Del Bosque trusted in Macca’s versatility. The Englishman refused to leave and decided to fight for his place. He was rewarded for his loyalty. Del Bosque placed McManaman on the opposite flank, and the Figo-Macca tandem become one of the deadliest wing combos on the planet. Two players on opposite flanks who possessed fearless dribbling skills - both amped with flair, pace, and playmaking abilities. In this system, Real Madrid stretched the field and played some of its most beautiful football in years.
Overcoming the transfer of Luis Figo was just the first hurdle. Florentino Perez’s galactico era was well underway, and another area on the pitch which didn’t need strengthening - the attacking midfield position - was addressed anyway.
But there’s always room for Zinedine Zidane. He’s more than a generational player - he defined an era. Zidane was one of the best players that has ever lived. Zidane is a game-changer, he elevated the team to new heights, and was worth every penny of his then world record transfer free.
All true. In hindsight, Zidane was a bargain. But what of Steve McManaman? Where was he going to operate?
Once again Perez was ready to part ways with the Englishman, but McManaman refused to leave. Meanwhile, off the pitch, McManaman was winning the respect of the Bernabeu as well as the dressing room for his resilience and loyalty towards the club. Once again, he was willing to fight for his place despite all odds.
McManaman’s new role was mostly off the bench, as Del Bosque for the most part preferred to go with a diamond formation with Makelele as the destroyer and the emerging Santiago Solari on the left wing. Eventually, Macca featured 38 times that season - 4 less than the preceding one - but was a key piece of that team which won ‘La Novena’. On April 23 2002, Real Madrid traveled to the Camp Nou in the anticipation of a heated contest - the first leg of the Champions League semi-final.
Zidane’s wizardry unlocked the scoring in the second half, but McManaman came on in the 79th minute to virtually seal the tie with a lovely flick over Barcelona goalkeeper Roberto Bonano - cool as a cucumber.
Eventually, Florentino Perez’s galactico policy was too much even for McManaman’s renowned resilience and loyalty. ‘Zidanes y Pavones’ was a false promise. Pavon himself become a below-average La Liga defender, and Real Madrid were in the midst of a dark era where players were purchased for their star power rather than their need.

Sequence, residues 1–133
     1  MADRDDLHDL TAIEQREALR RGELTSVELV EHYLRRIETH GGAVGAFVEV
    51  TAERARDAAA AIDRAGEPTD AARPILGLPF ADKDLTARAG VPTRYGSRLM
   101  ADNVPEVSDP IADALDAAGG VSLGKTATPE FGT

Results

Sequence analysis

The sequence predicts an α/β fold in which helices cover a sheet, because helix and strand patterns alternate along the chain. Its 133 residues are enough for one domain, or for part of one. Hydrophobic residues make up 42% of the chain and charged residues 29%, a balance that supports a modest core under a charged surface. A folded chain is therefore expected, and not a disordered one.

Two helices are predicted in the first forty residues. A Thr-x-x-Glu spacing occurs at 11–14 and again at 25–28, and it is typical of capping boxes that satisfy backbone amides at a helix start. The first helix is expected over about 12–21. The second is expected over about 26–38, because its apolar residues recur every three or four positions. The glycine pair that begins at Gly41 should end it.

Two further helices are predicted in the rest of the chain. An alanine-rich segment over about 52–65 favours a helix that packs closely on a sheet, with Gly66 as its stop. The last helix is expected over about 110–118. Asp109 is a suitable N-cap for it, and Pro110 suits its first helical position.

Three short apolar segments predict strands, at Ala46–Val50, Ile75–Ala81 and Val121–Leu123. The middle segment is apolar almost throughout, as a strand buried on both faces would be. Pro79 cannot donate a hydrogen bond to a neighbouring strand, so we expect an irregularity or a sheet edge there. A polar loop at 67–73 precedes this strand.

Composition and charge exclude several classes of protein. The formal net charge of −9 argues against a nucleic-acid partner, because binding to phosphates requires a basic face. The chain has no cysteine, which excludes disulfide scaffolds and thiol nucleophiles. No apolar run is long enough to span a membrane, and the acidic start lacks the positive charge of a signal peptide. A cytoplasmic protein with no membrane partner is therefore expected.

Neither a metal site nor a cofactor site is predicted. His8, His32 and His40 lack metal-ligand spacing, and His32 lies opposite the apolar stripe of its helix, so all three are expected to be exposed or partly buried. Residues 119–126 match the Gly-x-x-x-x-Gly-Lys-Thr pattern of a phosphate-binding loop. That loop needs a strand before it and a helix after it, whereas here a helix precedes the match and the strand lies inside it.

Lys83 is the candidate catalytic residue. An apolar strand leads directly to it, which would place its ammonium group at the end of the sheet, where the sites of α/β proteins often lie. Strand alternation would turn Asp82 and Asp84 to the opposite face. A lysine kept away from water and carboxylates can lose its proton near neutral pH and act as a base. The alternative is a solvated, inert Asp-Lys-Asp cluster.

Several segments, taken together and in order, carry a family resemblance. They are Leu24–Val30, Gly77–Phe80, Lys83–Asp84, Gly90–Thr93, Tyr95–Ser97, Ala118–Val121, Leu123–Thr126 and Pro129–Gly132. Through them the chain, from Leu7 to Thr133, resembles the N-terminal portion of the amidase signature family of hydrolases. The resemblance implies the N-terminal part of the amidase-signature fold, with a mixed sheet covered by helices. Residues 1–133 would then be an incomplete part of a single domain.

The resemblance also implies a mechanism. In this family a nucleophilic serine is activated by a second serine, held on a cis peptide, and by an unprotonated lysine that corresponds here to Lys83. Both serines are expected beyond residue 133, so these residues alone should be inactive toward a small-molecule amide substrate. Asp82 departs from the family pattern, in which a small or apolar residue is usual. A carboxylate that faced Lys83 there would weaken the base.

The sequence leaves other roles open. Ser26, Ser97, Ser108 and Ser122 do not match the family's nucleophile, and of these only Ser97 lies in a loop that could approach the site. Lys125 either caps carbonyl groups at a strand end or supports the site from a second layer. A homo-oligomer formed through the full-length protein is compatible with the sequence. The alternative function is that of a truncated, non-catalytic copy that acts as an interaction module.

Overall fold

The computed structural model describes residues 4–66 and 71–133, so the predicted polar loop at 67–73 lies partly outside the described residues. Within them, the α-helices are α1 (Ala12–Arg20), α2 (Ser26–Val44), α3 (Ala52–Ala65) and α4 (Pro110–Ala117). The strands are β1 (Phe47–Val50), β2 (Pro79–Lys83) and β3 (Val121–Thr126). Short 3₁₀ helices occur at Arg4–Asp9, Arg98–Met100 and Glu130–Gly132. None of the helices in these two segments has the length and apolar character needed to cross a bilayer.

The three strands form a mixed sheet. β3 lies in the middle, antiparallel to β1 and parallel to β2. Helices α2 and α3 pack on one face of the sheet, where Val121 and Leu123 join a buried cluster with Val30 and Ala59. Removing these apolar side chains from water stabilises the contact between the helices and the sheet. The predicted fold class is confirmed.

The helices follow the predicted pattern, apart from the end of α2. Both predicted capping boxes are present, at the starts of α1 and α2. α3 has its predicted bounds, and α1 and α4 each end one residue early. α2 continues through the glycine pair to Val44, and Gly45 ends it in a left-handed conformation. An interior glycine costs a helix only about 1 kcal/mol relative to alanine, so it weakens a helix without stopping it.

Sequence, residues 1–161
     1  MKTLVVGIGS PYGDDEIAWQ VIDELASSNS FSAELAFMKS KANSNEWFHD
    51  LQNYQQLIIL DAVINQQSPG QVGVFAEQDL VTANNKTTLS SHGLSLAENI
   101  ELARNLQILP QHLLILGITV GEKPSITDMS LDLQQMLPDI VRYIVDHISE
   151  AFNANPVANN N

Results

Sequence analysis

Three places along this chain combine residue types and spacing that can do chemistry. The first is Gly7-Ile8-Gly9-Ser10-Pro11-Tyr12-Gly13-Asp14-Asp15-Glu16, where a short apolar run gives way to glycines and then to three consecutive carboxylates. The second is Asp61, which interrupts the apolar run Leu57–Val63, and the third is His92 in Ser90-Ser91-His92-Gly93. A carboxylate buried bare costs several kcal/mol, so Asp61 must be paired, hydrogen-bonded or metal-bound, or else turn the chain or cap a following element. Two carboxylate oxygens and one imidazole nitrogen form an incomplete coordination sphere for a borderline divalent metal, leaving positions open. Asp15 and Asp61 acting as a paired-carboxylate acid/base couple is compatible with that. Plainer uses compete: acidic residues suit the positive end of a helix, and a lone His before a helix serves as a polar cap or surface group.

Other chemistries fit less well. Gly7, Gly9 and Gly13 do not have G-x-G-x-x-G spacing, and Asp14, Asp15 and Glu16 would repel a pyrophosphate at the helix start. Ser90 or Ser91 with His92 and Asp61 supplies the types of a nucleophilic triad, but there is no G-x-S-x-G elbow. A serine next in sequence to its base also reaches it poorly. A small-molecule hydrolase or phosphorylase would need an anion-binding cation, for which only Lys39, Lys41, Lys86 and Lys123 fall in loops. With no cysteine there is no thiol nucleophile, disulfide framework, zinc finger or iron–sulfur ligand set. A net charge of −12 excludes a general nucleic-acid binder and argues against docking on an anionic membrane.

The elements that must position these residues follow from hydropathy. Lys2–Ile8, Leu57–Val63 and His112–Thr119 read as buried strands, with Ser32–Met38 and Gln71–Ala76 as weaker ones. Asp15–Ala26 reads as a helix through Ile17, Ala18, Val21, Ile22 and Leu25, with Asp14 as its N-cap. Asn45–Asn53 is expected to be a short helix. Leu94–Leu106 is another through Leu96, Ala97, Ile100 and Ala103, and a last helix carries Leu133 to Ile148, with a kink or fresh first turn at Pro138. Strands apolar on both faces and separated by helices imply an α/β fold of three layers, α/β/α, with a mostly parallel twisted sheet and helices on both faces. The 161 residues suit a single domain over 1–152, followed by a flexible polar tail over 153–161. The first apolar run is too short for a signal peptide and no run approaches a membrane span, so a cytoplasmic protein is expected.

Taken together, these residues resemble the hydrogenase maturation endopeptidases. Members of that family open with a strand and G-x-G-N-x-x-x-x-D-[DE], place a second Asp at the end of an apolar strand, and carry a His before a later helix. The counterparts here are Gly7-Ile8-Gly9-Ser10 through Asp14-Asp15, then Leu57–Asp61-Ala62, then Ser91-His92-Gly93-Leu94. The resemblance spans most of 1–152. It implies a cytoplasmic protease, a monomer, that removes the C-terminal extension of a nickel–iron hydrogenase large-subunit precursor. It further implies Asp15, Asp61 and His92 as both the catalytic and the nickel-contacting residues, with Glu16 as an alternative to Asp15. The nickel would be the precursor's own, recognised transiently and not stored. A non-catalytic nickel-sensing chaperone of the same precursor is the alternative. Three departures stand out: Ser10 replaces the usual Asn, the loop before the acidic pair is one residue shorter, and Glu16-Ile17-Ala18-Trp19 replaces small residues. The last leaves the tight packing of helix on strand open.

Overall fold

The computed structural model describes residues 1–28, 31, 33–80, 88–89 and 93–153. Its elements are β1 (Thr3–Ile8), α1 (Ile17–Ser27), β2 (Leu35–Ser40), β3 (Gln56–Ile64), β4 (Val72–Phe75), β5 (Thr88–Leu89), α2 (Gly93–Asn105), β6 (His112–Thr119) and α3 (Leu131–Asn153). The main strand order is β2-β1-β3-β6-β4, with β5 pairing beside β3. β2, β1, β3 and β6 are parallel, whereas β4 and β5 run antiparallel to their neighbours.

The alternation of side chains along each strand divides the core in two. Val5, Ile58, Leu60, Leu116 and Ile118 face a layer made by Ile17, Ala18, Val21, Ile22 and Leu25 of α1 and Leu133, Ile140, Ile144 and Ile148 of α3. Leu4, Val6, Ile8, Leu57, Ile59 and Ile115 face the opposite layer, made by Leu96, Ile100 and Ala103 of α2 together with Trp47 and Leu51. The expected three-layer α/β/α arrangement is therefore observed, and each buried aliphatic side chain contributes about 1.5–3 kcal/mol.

Ronaldo’s signing from Inter Milan the following season - although not directly competing with Macca’s position - reduced McManaman’s role even furhur. That season, although putting in good performances - most notably against Manchester United in the Champions League - McManaman played just 25 games in all competitions, starting nine of them.
David Beckham’s signing was the final straw. As good as Beckham was, he didn’t bring with him the same dominative presence that Zidane and Figo brought. Beckham truly was not needed on the pitch - even if he was needed for the business side of things.
There isn’t always room for a David Beckham.
Beckham’s arrival to the Bernabeu pushed McManaman out for good. While Beckham himself was played as a central midfielder in between Figo and Zidane, McManaman was just too far down the depth chart by that point to stay. Despite Beckham’s plea for his fellow countryman to remain at the club, McManaman was finally sold off to Manchester City in 2003 after four years of admirable service to Real Madrid.
Master of the volley
McManaman was notorious for a unique volley that was not only aesthetically breathtaking, but also potent. It was not your classic one-legged wind-up. It wouldn’t classify as a bicycle or scissor kick either. It was like a sniper - surveying the wind, zeroing in on his target. His left leg was like a left joystick, balancing and navigating the whole process, while his right leg became the trigger button.
And then boom. A laser-like cross from Roberto Carlos - the type one would surely have to bring down and control just to tame the beast-like force of the pass - becomes a one hit wonder. Quick and precise. McManaman already knows what’s happening before the ball even gets to him.
Of course, it’s one thing to do it in a rout against Real Oviedo, and it’s another to do it in a Champions League final.
McManaman will always remain known as a steadfast Real Madrid player - one that won the hearts of the Bernabeu with his humble attitude, resilience, and world-class play on the pitch which guided Real Madrid to several titles. Despite being virtually pushed out year-after-year, he always maintained a good relationship with Florentino Perez and the club as a whole - never speaking ill of anyone. Years later, Sid Lowe justifiably found a place for Steve McManaman in Real Madrid’s team of the decade.
Steve McManaman is, indeed, immortal.